I was in some meetings this week where the phrase ‘blended learning’ was used more than once, although always in a sentence with ‘where appropriate’ . Appropriateness is good. Appropriate allows considerable leeway for institutions to identify which, and how, technologies may be used in specific contexts.
I did feel like I had stepped back a few years, but nonetheless I cheerfully carried on.
Blending learning offers an exciting and challenging opportunity for researchers and practitioners in learning technology in HE and particularly for those working in traditional universities. The integration of technology into practice requires a considered and reflective approach to course and curriculum design ensuring that learning needs and teaching aims are met.
Blended learning means more than having some face-to-face and some online elements. It describes the extent to which these elements work together to give a cohesive learner experience and the choice of the best tools for the task. Litttlejohn (2007) suggests that the design and subsequent success of a blend is subject to three contexts: The technology context, the learner’s context and the teacher’s context. The technology context includes: The technology available within the institution; the tools offered in the VLE; the other tools on campus and the availability of that technology, at work, at home and in the classroom. The learner’s context is shaped by their familiarity with e-learning tools and approaches; their opportunities for peer interaction; their opportunities for interaction with teachers; their level of study; previous knowledge and their level of digital literacy.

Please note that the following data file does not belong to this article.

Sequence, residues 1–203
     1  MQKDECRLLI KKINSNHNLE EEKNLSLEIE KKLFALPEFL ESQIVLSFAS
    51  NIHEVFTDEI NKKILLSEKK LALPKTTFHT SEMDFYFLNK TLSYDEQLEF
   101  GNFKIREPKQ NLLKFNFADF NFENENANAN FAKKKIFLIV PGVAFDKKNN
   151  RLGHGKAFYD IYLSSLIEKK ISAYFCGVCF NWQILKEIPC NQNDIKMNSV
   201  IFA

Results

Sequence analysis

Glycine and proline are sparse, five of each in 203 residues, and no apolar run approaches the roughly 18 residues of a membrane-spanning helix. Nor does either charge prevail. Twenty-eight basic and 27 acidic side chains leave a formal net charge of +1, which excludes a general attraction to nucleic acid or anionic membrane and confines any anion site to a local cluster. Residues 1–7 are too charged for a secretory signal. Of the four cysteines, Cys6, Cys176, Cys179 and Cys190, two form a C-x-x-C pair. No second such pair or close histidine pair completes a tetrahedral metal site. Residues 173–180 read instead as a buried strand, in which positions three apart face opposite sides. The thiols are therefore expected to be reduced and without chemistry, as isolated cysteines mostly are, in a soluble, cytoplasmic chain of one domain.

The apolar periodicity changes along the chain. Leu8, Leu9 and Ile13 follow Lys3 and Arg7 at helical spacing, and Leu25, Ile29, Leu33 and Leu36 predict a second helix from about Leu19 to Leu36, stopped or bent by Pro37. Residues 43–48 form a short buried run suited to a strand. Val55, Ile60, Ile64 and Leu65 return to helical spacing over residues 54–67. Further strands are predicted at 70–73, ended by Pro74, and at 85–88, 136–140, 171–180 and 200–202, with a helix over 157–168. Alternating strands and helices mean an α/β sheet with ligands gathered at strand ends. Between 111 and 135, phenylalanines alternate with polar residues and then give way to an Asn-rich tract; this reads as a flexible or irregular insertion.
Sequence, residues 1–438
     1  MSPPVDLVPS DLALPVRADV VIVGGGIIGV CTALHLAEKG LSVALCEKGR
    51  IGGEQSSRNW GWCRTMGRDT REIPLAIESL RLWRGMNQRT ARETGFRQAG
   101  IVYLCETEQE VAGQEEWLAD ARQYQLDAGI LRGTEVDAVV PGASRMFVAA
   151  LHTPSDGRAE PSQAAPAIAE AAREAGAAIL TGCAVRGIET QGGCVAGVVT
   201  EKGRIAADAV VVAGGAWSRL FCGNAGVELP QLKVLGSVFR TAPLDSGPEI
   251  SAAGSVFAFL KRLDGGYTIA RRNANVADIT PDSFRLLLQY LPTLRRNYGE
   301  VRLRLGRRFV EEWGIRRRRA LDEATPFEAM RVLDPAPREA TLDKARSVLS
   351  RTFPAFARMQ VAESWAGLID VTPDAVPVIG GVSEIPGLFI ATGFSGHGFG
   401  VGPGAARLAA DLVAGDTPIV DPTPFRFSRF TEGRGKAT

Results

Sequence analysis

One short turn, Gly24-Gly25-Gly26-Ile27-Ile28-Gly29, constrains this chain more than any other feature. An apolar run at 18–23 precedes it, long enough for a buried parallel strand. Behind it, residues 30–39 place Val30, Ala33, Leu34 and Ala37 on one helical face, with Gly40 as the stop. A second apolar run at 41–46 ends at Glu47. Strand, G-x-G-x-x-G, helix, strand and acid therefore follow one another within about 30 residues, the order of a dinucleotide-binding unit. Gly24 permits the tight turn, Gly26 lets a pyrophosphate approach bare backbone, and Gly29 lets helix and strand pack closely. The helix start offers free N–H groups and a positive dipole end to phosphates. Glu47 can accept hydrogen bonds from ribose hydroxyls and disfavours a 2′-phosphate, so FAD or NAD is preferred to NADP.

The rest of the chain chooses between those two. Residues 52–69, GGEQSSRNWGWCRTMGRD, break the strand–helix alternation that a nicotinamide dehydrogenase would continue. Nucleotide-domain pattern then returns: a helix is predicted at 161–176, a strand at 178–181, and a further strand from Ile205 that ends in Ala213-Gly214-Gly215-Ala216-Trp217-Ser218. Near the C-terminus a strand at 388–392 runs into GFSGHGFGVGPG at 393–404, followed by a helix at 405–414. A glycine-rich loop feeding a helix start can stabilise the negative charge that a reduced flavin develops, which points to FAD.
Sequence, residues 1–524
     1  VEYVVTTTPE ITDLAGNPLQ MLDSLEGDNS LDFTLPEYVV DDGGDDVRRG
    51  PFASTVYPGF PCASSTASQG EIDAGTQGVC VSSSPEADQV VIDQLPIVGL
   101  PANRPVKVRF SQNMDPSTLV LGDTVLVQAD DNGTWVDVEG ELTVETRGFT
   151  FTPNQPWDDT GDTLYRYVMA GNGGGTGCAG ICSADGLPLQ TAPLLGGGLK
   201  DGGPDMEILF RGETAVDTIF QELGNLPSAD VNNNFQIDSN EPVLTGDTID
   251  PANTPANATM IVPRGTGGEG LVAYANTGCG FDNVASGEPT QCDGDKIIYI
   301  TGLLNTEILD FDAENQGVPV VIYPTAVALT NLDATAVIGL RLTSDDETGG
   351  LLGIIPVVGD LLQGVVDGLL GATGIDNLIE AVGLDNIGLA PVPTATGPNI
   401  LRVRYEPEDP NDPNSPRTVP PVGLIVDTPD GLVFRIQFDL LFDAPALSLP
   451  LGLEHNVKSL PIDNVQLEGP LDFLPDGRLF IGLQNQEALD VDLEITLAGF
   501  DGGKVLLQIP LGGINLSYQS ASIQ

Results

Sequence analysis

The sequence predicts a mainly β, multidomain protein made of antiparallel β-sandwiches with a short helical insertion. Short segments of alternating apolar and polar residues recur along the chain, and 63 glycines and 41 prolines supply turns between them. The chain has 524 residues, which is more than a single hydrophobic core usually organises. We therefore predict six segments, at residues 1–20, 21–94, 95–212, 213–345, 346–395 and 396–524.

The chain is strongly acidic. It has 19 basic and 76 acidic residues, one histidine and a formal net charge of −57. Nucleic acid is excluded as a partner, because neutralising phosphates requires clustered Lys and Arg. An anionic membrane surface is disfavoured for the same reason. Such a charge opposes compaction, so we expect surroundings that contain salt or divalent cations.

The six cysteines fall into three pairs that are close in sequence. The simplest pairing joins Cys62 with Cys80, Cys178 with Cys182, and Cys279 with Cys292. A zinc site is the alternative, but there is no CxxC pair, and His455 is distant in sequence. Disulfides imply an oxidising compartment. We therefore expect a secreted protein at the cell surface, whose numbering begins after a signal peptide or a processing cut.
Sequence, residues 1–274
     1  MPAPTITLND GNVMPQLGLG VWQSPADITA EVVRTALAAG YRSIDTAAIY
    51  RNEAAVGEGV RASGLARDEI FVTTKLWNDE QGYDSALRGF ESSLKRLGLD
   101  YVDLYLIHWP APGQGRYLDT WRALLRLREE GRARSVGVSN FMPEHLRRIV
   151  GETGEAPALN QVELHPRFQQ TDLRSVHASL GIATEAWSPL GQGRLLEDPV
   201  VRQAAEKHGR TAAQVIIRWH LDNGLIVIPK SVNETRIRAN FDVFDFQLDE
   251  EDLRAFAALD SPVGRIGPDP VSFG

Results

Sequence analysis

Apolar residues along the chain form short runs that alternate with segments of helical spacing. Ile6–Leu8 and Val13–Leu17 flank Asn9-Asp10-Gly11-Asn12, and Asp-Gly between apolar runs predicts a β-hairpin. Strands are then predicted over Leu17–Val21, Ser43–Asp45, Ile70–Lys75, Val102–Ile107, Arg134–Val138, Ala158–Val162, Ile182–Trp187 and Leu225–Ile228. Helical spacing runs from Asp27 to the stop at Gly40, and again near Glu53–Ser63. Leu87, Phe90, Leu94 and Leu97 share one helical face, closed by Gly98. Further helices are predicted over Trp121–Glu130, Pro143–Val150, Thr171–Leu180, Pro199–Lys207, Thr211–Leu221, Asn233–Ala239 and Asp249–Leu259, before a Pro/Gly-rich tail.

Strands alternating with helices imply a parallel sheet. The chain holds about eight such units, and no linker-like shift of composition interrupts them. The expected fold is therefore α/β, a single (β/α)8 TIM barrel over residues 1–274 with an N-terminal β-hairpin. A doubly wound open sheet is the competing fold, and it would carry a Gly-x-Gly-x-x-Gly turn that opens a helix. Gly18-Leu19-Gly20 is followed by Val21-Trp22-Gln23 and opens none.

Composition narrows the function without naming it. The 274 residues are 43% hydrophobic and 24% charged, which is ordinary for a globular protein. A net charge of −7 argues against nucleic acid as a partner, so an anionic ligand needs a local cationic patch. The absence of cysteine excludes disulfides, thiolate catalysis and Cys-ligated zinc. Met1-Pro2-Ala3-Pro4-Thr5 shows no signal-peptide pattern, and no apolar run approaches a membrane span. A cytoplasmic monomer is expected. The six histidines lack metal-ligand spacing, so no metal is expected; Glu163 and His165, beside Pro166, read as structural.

University teachers are currently working in an environment where the skills of students at admission vary widely and levels of competence, experience and expertise in use of technologies are ill defined. ‘Student expectations’ are often cited but are not consistent. The teacher’s own context for use of technology is equally diverse. Their starting point includes their familiarity with technology tools; the availability of e-resources in their discipline; the nature of the content being taught; the assessment criteria and mode; the support available and their own digital literacy and skills.
The meetings identified that the main barrier to the take up of new methods of teaching continues to be the time it takes to learn and use new tools and how that fits with workload models. A quick leap to point to staff development and staff skills as the areas for attention.
Developing digital literacy skills to use in the context of higher education teaching, study and research can be a challenging experience with steep learning curves. Staff and students struggle with expectations for collaborative working and managing information overload. With a changing demographic of staff working in higher education and new wide-ranging sets of skills amongst students, the training offered to each will shape the extent to which they succeed in a blended learning environment.
For technologists the challenge is to offer applications and tools so useable that the new learning required is minimal and to provide an ‘appropriate’ and appropriately supported technology context. The challenge for units which support, promote and train in learning technologies continues.